Balanced legislation for creators and users

By Ute Meyenberg | April 24, 2018

In the digital era, education and work are heavily influenced by new technologies. For education and research professionals, the complexity lies in the fact that they are often both users and creators of copyrighted material.

Don’t let next health crisis be mental

By Martin Jefflen | April 28, 2020

COVID-19 is taking a toll on the mental health of people. The road to recovery risks worsening the stress epidemic Europe has been in for years.

Professional women on the move

By Anelise G. de Araujo | April 1, 2020

While major European capitals continue to attract a growing number of highly skilled intra-EU mobile citizens and third-country nationals, professional women on the move may face many difficulties in re-entering the labour market, including periods of unemployment and deskilling in the host country.

Tackling the unjust gender pay gap

By Marina Åman | March 9, 2020

In Europe, more women graduate with higher education degrees than men. And yet, men have higher income and get promoted more often than women. While the gender pay gap in Europe has stagnated, the efforts to reduce it has not.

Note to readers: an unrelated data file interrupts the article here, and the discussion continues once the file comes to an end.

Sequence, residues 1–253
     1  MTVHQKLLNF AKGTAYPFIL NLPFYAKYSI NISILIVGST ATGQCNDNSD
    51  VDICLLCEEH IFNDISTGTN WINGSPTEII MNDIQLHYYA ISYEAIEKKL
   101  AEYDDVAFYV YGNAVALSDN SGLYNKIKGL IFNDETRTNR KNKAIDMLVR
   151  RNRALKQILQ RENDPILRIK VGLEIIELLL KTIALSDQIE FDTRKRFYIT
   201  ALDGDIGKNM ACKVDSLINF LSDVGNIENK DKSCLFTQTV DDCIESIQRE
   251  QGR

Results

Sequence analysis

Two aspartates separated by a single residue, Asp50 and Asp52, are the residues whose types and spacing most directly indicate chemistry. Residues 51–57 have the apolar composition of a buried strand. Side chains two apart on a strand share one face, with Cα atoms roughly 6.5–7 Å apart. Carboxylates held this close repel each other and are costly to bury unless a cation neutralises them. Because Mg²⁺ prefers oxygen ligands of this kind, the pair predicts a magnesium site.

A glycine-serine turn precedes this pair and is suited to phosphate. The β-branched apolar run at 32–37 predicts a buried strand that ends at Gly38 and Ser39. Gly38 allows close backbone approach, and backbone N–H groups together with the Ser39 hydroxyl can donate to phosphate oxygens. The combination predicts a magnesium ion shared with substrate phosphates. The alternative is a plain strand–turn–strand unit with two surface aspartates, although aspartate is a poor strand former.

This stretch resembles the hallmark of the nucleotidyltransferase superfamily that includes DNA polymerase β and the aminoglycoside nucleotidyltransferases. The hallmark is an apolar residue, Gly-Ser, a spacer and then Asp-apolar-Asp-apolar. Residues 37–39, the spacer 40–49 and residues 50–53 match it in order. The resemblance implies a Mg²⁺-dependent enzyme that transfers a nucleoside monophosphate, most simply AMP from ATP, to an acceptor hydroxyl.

The digital world needs women

By Paula Ruiz Torres | March 6, 2020

On International Women’s Day, we must draw attention to the new world of work and the effects that automation and digitalisation will have on female professionals and managers around the world.

The rate of the women’s euro must be raised

By Lotta Savinko | March 5, 2020

The total earnings of women are approximately 84 per cent of men’s earnings. The rate of the women’s euro, or female euro, must be raised more rapidly.

Colourful whistles in a christmas tree

Santa came early to whistleblowers. Now the work starts.

By Martin Jefflen | December 16, 2019

It is official. The Whistleblower Protection Directive is now reality.  On 16 December 2019 the directive entered into force following its publication in the EU Official Journal 20 days earlier….

The EU whistleblower directive: the run for levelling the field in our countries has begun

By Ann-Katrin Dolium | December 10, 2019

Less than half of all EU member states had whistleblower protection legislation in place before this directive, which means potential whistleblowers were facing a real risk of retaliation.

Digital transformation: can psychosocial risks be smuggled out in the cloud?

By Fabrice Roy | December 2, 2019

For the past fifteen years, the ever-growing presence of technology has changed our lives, our habits, and our working structures.

Digitalisation changes professions

By Jean-Luc Molins | September 4, 2019

Digital and organisational solutions go hand in hand. The role of workers in new work environments is changing.

50 years of struggle

By Martin Jefflen | June 28, 2019

50 years ago today, in the early morning of June 28th, police raided the Stonewall inn in Greenwich village, New York. This day the LGBT community fought back.